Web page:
This story is a supplement to the feature "Self-Cleaning Materials: Lotus Leaf-Inspired Nanotechnology" which was printed in the August 2008 issue of Scientific American.

By switching the hydrophobicity of precise locations on a surface, scientists hope to control fluids moving through networks of microscopic channels on so-called microfluidic chips.

Researchers at Pohang University of Science and Technology in South Korea attached a molecule based on azobenzene on top of polymer-silica multilayers [see box on preceding page]. A hydrophobic group on the end of the molecule, along with the roughness of the layers, makes the surface superhydrophobic (left). In ultraviolet light, however, the molecule bends, burying the hydrophobic group and making the surface superhydrophilic (right). Visible light promptly restores the original condition.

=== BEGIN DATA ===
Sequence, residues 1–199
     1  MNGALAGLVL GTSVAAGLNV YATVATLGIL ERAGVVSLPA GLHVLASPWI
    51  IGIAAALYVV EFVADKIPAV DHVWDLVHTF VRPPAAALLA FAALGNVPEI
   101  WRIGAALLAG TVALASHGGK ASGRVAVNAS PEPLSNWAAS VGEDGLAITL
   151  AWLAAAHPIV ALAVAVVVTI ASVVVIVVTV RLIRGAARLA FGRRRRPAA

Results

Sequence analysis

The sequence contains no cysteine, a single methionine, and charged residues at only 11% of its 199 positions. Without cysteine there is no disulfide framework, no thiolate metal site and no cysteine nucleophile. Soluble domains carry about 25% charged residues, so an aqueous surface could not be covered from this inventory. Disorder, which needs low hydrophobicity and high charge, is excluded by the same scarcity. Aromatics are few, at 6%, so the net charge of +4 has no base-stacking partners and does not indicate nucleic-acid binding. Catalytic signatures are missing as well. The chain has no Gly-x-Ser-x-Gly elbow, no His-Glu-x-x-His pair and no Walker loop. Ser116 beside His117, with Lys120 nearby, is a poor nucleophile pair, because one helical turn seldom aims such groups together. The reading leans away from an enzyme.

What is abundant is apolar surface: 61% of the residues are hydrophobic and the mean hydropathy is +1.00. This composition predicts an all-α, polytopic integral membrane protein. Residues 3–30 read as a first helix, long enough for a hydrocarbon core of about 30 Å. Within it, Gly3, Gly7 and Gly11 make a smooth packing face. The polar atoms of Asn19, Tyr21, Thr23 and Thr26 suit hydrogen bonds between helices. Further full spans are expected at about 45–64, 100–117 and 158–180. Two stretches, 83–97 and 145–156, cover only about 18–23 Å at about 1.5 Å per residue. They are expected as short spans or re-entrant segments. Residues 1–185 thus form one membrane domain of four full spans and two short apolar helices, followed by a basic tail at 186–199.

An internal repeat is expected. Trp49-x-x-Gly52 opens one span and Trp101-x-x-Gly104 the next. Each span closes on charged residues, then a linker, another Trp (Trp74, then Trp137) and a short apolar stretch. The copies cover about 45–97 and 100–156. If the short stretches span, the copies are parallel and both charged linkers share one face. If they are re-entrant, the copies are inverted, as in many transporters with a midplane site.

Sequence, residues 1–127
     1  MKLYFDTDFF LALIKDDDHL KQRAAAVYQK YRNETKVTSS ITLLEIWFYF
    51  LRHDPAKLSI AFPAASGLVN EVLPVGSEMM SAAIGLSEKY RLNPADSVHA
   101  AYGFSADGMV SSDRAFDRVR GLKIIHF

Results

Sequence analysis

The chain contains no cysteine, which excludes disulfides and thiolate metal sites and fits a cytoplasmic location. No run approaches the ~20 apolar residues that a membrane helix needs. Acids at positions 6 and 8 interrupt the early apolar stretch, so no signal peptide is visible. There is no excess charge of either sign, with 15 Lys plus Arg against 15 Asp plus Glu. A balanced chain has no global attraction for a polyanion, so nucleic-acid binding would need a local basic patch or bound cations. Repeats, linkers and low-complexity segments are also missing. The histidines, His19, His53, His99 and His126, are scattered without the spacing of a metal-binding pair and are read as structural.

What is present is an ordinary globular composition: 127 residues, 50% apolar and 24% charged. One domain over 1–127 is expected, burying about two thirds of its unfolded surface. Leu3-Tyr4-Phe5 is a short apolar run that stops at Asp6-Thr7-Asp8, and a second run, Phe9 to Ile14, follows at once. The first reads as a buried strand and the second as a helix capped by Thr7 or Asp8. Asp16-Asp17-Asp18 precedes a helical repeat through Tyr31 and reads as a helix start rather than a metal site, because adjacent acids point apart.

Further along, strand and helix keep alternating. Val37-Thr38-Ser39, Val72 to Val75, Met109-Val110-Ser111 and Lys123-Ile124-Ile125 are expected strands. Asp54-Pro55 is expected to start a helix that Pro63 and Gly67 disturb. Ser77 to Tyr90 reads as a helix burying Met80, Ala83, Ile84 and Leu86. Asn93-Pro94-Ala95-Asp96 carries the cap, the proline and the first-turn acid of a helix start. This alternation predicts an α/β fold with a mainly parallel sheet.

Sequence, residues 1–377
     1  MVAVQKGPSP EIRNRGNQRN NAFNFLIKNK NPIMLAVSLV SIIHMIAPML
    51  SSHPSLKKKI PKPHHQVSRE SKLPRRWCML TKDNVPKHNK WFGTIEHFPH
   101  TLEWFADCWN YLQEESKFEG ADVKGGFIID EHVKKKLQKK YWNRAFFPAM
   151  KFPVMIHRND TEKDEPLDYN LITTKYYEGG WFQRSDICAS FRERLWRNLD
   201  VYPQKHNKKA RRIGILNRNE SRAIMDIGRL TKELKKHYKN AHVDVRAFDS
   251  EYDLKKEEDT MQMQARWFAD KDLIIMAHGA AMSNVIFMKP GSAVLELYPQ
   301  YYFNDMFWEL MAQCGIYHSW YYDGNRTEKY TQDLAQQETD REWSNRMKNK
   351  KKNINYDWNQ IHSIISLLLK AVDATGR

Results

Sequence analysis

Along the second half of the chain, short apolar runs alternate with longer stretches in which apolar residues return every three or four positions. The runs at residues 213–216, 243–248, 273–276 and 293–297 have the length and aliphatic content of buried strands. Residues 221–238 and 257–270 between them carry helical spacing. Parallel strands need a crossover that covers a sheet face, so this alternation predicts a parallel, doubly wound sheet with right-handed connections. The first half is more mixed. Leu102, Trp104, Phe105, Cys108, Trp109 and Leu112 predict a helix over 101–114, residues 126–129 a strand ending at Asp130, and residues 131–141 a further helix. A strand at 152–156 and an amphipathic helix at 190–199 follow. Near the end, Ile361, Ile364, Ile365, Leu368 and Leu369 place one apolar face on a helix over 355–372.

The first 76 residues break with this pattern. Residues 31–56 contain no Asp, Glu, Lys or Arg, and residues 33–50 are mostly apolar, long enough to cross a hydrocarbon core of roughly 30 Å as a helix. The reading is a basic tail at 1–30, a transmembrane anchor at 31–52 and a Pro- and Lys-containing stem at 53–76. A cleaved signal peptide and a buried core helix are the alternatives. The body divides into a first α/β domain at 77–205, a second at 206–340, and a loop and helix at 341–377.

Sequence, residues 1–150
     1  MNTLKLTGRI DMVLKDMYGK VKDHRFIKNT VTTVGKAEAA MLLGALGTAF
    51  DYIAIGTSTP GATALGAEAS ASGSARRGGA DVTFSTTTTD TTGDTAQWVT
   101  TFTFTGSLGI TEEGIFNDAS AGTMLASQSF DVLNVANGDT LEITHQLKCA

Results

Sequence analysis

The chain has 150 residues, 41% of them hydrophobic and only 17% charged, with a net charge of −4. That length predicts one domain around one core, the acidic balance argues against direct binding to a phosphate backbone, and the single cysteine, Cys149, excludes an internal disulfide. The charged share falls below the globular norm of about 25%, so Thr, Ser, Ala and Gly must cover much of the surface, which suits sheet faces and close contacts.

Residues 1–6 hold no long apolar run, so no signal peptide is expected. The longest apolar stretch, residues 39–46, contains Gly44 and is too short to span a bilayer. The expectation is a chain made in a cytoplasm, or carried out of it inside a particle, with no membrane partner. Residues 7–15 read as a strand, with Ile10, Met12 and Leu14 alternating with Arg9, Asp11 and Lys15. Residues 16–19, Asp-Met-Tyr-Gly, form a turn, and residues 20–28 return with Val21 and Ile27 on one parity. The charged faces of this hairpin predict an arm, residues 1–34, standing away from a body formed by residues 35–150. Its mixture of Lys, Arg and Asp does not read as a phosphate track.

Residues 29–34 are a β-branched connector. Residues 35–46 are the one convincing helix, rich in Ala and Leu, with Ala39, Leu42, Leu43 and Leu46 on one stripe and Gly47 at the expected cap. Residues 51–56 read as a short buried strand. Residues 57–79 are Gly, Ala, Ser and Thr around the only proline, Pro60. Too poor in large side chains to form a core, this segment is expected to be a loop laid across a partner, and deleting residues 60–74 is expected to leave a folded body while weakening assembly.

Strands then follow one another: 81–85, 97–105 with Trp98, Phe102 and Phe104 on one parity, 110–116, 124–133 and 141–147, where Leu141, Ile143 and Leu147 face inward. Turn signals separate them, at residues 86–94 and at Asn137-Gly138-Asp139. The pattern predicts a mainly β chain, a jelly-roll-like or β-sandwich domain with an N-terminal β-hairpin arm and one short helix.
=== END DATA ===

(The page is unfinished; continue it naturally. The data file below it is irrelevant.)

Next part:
On a treated surface, water clings to the areas made superhydrophilic by square spots of ultraviolet light. Water placed on other regions forms the characteristic nearly spherical drops of the lotus effect.






Credits: Kilwon Cho Pohang University of Science and Technology (Switchable Surface); Ann Sanderson (Illustrations)